Izmir was a modern-looking city. There were no visible signs of what it went through in 1922, except for the notable absence of the typical, two-storey Smyrnian houses, which were the architectural norm at the turn of the century. There were a few neighbourhoods and streets where a few old houses were intact and stood out as remnants of another time. The War of Liberation (aka the Greco-Turkish War) was taught as part of a nationalist narrative in schools. There was a phrase I remember reading in my history book in elementary school about the victory, which culminated in the Turkish Army led by Mustafa Kemal, entering Izmir. This phrase that gave me pause was “and the Greeks were poured into the sea.” I remember reading it over and over, trying to get a visual grasp on it, with the innocence of my 7 or 8 years. It was a terrifying sentence. How do you pour people into the sea? What happens when they are in the sea? Did they die before or after they were poured there? How many? Who? There were no further details.
Another such sentence was the description of the aftermath of the Greek occupation. “The sea was the colour of blood.” Everything about that time seemed rather vague, except for the slogans and charged emotions. There were tensions between Turkey and Greece for a good part of my childhood. There were many people who spoke Greek in Izmir, still. People who came as a result of population exchanges from the islands — Crete mainly — and local Levantines and remaining Anatolian Greeks. My parents were fluent in Greek, so were my aunts, uncles. You didn’t have to be Greek to speak Greek. But it didn’t seem like a desirable language to speak when I was a child. The same was true on the other side of the sea, I presume.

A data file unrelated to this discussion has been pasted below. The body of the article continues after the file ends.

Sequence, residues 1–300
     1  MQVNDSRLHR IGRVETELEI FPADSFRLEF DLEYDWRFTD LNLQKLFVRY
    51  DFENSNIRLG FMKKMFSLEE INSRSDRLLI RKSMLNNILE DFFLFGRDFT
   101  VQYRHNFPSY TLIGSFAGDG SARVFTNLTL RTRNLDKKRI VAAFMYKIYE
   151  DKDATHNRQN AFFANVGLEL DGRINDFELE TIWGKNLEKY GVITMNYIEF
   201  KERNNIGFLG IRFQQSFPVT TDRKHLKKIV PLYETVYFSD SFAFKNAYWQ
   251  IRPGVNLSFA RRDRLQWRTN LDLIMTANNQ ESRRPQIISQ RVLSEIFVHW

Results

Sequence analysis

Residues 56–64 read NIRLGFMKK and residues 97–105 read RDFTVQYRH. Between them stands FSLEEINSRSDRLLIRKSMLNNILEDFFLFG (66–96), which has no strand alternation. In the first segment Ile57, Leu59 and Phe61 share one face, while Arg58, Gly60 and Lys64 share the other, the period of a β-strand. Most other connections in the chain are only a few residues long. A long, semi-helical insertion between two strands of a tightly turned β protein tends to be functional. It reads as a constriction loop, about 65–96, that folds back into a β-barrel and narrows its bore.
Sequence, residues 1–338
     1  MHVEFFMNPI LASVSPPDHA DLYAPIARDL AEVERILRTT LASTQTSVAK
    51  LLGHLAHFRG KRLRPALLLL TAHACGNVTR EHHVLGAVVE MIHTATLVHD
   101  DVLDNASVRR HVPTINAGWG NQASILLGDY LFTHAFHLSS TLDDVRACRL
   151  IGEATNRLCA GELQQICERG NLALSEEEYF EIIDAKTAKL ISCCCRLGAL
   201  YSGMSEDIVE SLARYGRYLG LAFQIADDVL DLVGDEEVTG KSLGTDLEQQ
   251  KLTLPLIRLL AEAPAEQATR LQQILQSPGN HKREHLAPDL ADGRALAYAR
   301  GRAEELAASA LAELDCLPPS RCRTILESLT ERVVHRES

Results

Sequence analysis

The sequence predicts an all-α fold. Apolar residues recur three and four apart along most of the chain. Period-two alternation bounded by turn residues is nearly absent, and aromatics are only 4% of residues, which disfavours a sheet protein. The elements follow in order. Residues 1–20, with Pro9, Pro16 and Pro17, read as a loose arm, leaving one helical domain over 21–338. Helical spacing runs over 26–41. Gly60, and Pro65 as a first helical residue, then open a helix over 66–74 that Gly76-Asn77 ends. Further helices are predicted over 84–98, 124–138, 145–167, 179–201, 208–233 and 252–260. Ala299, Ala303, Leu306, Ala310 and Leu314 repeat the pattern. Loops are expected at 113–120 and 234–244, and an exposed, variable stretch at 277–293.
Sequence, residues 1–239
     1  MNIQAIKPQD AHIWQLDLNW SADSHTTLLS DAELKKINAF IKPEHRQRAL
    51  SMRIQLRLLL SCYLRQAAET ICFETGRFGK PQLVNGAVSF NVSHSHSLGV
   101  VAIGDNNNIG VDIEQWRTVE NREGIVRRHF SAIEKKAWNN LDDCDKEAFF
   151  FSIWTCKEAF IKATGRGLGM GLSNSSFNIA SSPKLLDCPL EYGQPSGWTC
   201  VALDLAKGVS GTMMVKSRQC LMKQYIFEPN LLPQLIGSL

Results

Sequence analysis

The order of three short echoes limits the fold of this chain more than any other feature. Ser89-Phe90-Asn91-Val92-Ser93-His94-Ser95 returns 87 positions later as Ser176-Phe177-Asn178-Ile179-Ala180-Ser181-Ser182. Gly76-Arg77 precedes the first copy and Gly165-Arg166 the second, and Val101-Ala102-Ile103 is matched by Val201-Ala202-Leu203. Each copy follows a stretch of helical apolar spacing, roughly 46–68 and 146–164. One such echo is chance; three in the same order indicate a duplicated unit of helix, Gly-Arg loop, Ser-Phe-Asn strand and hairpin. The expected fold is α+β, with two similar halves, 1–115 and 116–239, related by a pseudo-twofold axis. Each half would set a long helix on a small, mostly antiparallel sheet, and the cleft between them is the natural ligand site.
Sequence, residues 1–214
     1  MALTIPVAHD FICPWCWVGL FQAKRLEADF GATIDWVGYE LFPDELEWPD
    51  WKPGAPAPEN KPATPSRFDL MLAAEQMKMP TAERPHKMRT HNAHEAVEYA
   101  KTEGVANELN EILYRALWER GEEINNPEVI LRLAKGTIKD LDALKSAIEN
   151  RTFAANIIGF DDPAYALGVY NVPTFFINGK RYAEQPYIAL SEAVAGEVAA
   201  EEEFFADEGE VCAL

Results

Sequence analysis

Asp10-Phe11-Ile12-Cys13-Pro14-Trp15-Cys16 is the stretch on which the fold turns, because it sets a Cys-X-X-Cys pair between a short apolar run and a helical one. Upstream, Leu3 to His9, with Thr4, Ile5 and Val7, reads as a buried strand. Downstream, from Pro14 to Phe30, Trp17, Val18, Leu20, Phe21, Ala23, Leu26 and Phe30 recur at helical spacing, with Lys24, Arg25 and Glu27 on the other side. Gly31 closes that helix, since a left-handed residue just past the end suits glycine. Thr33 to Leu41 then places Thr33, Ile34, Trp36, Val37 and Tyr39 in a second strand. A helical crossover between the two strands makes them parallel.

Other than that growing up in Izmir was a time of many fond memories for me. The warmth of having a large extended family, close bonds with cousins, friendships that in some instances began as toddlers and have lasted to date, summers spent on the beach, the pleasure of walking through the streets and smelling the sea, first loves, and all that.
VG: So this novel was first published in Turkish, in Turkey, in 2008, right? Please tell us about that whole process. I’d expect a difference between reader response there and here. Was that the case?
LE: The book had an unusual trajectory. I wrote the novel in English. I sent the manuscript to Roza Hakmen, who, in my opinion, is one of the most talented translators in Turkey. She’s from Izmir as well and lives there. We both graduated from the same school, and although we had never met before, we had common friends and acquaintances. That’s how we connected. She read the manuscript and loved it. She said she wanted to translate it to Turkish and actually sought and found the publisher who made it all happen. I owe the Turkish edition to her efforts, entirely. She did a marvellous job of translating the manuscript as it was then. This was in 2008.